Muhly explains that his biggest worry was about his use of the chorus, an established conceit of opera that is not common in the rest of the musical world. “For the most part, I treat the chorus as a vehicle for this kind of chatter,” he says. “I always liked the idea of, when you’re online, you become part of this gigantic community of talkers, people who are sitting at their computers clicking, laughing. In older operas the chorus represents townspeople, it represents soldiers, it represents units of people but also a bunch of individual stories. The chorus of Internet citizens is like that, where you have a million people saying a million different things. I wrote out little phrases for each singer to sing and then they all do them at the same time. It sounds very complicated but actually it’s just this one chord that gets built up slowly over several little gestures. It’s got that effect of listening to a large room of people murmuring but it also has a melodic shape. I was scared that wouldn’t work out, but it totally does.”
Next up is another work with Millepied, the duo’s third, this one for the Dutch National Ballet’s fall season. Their previous works have entered the repertories of American Ballet Theater and the Paris Opéra Ballet, two of the world’s leading companies. “What I’ve done with Benjamin very successfully in the past is just sit down and say, ‘What do we want this thing to look like?’” says Muhly about the pair’s collaborative process. “‘Let’s draw it as one gesture.’ We draw, just on a single piece of blank paper, what does it look like? The piece we made together for Paris,” an homage to choreographer Jerome Robbins, “was this interesting kind of squiggly thing, and the piece we made for American Ballet was just one vertical line.”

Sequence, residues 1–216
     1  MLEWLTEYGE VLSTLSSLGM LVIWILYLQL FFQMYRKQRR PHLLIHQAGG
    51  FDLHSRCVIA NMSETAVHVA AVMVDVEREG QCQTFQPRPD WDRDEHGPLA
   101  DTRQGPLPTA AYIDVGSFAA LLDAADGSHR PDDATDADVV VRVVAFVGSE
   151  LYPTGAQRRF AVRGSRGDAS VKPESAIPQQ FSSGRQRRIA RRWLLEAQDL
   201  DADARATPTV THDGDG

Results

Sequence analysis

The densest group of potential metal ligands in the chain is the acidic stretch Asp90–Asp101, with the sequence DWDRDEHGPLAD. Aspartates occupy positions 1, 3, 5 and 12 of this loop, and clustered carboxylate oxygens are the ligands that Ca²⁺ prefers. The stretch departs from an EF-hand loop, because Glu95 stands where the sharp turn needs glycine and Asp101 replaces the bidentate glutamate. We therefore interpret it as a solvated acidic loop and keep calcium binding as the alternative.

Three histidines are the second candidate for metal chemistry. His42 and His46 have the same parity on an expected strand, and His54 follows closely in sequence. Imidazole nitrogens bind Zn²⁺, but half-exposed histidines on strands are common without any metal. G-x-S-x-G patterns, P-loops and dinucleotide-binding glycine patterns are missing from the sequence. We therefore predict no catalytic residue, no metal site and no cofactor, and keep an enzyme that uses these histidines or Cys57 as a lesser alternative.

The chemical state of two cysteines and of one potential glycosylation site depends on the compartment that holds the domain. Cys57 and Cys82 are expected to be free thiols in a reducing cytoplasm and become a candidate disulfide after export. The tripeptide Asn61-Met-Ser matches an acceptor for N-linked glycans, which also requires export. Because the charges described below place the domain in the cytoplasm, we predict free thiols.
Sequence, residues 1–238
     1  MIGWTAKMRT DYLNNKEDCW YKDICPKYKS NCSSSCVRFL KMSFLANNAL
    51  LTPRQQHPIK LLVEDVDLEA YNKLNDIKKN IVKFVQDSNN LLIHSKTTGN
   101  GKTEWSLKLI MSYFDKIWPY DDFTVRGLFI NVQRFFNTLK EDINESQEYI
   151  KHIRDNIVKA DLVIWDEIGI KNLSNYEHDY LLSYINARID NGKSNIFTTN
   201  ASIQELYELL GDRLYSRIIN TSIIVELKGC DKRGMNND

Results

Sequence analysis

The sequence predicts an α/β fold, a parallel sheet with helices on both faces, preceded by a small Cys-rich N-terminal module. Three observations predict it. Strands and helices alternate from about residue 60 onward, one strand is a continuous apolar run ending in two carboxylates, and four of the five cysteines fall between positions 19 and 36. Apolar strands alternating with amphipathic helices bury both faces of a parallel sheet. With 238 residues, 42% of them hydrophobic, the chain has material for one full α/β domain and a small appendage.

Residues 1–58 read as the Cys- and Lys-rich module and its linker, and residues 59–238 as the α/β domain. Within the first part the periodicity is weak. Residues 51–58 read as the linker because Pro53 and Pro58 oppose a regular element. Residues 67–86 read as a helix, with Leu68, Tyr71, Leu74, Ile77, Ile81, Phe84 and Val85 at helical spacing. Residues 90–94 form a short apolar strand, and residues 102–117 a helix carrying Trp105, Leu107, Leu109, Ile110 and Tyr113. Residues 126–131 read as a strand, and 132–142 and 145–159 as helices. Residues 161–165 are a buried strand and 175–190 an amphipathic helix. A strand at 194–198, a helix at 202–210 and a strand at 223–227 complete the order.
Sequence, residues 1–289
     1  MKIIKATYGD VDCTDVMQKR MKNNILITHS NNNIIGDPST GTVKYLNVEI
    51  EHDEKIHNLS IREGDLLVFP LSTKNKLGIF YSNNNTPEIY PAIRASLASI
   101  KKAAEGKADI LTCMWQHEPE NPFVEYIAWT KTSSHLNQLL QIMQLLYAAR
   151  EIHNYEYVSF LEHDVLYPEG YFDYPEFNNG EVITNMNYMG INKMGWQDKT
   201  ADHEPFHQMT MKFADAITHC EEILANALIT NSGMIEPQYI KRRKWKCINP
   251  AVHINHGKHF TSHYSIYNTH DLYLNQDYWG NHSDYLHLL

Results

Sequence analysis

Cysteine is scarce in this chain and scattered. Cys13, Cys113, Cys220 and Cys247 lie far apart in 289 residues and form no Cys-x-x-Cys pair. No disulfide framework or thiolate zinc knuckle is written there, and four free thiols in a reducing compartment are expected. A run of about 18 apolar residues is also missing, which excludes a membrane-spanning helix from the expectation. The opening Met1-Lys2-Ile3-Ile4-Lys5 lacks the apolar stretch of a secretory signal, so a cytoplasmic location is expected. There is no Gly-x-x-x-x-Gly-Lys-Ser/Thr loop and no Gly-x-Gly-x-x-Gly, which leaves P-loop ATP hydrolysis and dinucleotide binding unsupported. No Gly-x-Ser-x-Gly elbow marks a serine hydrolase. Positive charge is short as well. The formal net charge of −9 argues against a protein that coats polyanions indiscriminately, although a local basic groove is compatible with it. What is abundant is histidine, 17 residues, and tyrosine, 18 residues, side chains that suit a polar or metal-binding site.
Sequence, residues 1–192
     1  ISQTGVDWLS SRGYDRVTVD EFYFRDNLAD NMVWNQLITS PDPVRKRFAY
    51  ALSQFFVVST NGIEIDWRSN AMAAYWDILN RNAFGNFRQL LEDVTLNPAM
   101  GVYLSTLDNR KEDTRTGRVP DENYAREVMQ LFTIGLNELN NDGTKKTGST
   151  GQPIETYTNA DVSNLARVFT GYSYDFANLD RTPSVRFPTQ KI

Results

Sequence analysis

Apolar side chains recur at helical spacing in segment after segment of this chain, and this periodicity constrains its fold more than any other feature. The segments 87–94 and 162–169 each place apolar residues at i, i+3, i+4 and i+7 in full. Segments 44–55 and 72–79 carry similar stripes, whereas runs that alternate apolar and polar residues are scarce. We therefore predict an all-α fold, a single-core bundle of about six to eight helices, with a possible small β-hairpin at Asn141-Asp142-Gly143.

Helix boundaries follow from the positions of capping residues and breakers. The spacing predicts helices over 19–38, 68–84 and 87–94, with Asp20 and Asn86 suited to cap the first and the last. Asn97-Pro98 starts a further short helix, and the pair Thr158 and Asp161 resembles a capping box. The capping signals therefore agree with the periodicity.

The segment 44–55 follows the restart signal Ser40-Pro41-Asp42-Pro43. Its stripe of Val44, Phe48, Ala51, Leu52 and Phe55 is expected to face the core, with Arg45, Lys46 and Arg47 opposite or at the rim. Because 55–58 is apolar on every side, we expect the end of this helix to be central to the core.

Muhly’s increasingly busy schedule shows no sign of slowing any time soon. “I have a show I’m supposed to do in 2014 now,” he says half in jest. “The scariest thing about my life is that the tours are booked as single shows two months before they happen, whereas the classical world and the opera world are like this insane elephant.” He laughs and points out the difficulty of working at the nexus where indie rock and classical music intersect, a spot he seems uniquely qualified to inhabit. “Making those two kinds of schedules make sense is really complicated.” It’s probably the closest thing to a complaint he’s ever uttered.